Saturday, February 22, 2014
Grand Rapids Poetry in the 21st Century
Edited by David Cope
Copyright © 2007- 2013 the poets
179 pages, softbound, $12.95
Review by Zvi A. Sesling
A number of poetry groups print anthologies of their members’ works. In the Boston area for example is Bagel Bards Anthology (in which I have been both included and served as editor twice) and PowWow River Poets Anthology which contain many works of merit. In fact, San Diego, Dallas and other large cities have similar works, so why not Grand Rapids, Michigan.
As editor David Cope points out in his Foreword this volume “…includes poetry that is firmly rooted in the people, soil and rivers of West Michigan, as well as work that ranges from Bucharest and Gdansk to the coast of Ireland, St. Petersburg, the battlefields of the Civil War and the swamps of Vietnam.”
Cope began laboring as a custodial worker for 18 year and retired last year after years as a professor. He has served as Grand Rapids Poet Laureate, has seven books of poetry to his credit and has a list of awards and credits longer than most books of poetry. A friend of Allen Ginsberg and other well-known poets he has put together with this offering of 16 poets a fine collection.
Many of the poems are too long to reproduce here and only parts would make little sense, so shorter ones were selected. For example, David Landrum, who teaches literature at Grand Valley State University, had a number of entries of which this is the most poignant dealing with the dark basement of living:
Life Before Age Twenty-Two
Nightmare after nightmare
but waking up was worse.
The bullies on the street were kinder
than the bullies living in my house.
Life as a bowling pin, life as a cutting board.
Never being called by my own name
and someone threatening to kill my dog.
L. S. Klatt graduated the University of Georgia in 2003 and teaches American literature and creative writing at Calvin College. The “May Day” could apply to any who has experienced troubled times with an ending that may or may not be satisfactory.
I am adrift in a burned-out canoe
without a helmsman. It was once a birch
straight & narrow made swift. The planets
revolve behind the blue sky but I don’t
witness. The new is good. The willow
has waded into the pond, & the purpose
of the pond is outside of me. The bow
of the boat follows the breezes. Light-
years from Zero.
A past Grand Rapids Poet Laureate, Rodney Torreson is the author of The Ripening of Pinstripes: Called Shots on the New York Yankees, fine poetics on the players who make up what used to be baseball’s best team. He has several other books and chapbooks to his credit and teaches elementary and intermediate grades at a parochial school. In this poem, Torreson captures moments in the country that city folks never experience, or is it all a dream?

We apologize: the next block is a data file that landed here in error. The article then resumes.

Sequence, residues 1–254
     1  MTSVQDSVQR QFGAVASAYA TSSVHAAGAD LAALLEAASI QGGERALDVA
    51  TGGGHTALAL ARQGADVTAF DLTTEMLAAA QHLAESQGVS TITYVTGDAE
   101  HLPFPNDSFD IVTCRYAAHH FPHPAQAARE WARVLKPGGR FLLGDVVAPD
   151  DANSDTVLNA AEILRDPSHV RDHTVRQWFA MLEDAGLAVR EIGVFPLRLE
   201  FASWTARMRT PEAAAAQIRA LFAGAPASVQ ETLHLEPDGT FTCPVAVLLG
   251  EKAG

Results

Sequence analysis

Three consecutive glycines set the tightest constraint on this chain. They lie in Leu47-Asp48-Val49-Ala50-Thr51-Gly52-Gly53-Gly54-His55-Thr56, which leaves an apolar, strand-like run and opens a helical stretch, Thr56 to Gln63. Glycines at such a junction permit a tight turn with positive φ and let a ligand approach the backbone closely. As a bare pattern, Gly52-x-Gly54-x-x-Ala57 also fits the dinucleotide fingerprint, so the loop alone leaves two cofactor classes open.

On a Moonstruck Gravel Road
The sheep-killing dogs saunter home,
wool scraps in their teeth.
From the den of the moon
howl their approval.
The farm boys, asleep in their beds,
live the same wildness under their lids;
every morning hey come back
through the whites of their eyes
to do their chores, their hands pausing
to pet the dog, to press
its ears back, over the skull,
to quiet that other world.
For those who enjoy reading poetry anthologies from different areas of the country, produced by those local poets, this is a welcome collection from an area that is not always recognized for the fine poetry written there.
Zvi A. Sesling
Reviewer for Boston Small Press and Poetry Scene
Author, King of the Jungle (Ibbetson Street Press)
Author, Across Stones of Bad Dreams (Cervena Barva Press)
Author, Fire Tongue (forthcoming, Cervena Barva Press)
Editor, Muddy River Poetry Review Online Poetry Journal
Editor, Bagel Bards Anthologies 7& 8
Publisher, Muddy River Books
Friday, February 21, 2014
Tea In Heliopolis
By Hedy Habra
Press 53, 2013
By Myles Gordon
Heliopolis once stood as one of the grand cities of the ancient world. Located in what is now Cairo, Egypt, Heliopolis was a center of culture, commerce, and learning, attracting Homer, Pythagoras, Plato and other to its schools of philosophy and astronomy. Today, the city remains barely visible – a few relics in a northeast suburb of Cairo. Most of Heliopolis lies buried beneath the neighborhoods of Egypt’s capital, the Al-Masalia obelisk, from the Temple of Re-Atum, the largest of its few, visible surviving monuments. After reading Hedy Habra’s Tea In Heliopolis, one understands why this city, largely destroyed and forgotten, is the namesake for her powerful book.
There can be a solemn perspective gained by those who lose their homes and possessions to natural disasters. While all the things are lost, the people survive and have each other. Things are merely transitory items that can be replaced. But the family and loved ones, and the love shared: these transcend the flood, hurricane or tornado. But for those who have lost their homes and way of life through man’s malice toward man, there is a poignantly, tragic edge to this perspective: things did not have to turn out this way. People did not have to act like this. Habra’s family lost their idyllic home and all they worked for and achieved during Lebanon’s protracted civil war fought from 1975 to 1990. Like a million other Lebanese citizens, Habra and her family fled the country. She ended up in Michigan, where she now teaches Spanish and literature at Western Michigan University. She has already published a short story collection, Flying Carpets, and is an accomplished painter (she painted the lovely motif for this book’s cover). She has achieved great success in her chosen profession, but her poetry is haunted by a once tranquil life lost in war-torn Lebanon, in remnants that emerge like the ruins of Heliopolis, the once-grand ancient city.
The desire to recapture what was lost emerges again and again, as in “To My Son Upon His First Visit to Lebanon” when the protagonist visits the tenants in the summer home lovingly built then tragically abandoned by his grandfather:
He called us excited, said he wanted to buy
the house back.
We could spend summers there.
Time regained, he thought…
eager to relive our dream,
retrieve its lost broken pieces
but the poet’s perspective is revealed in a hard-gained lesson to her son:
I tried to explain what does belonging mean exactly?
And does it really matter?
This restrained, stoic outlook centers “Lost and Found” where the poet and her mother visit a hall filled with lost items from the recent Diaspora, to see if they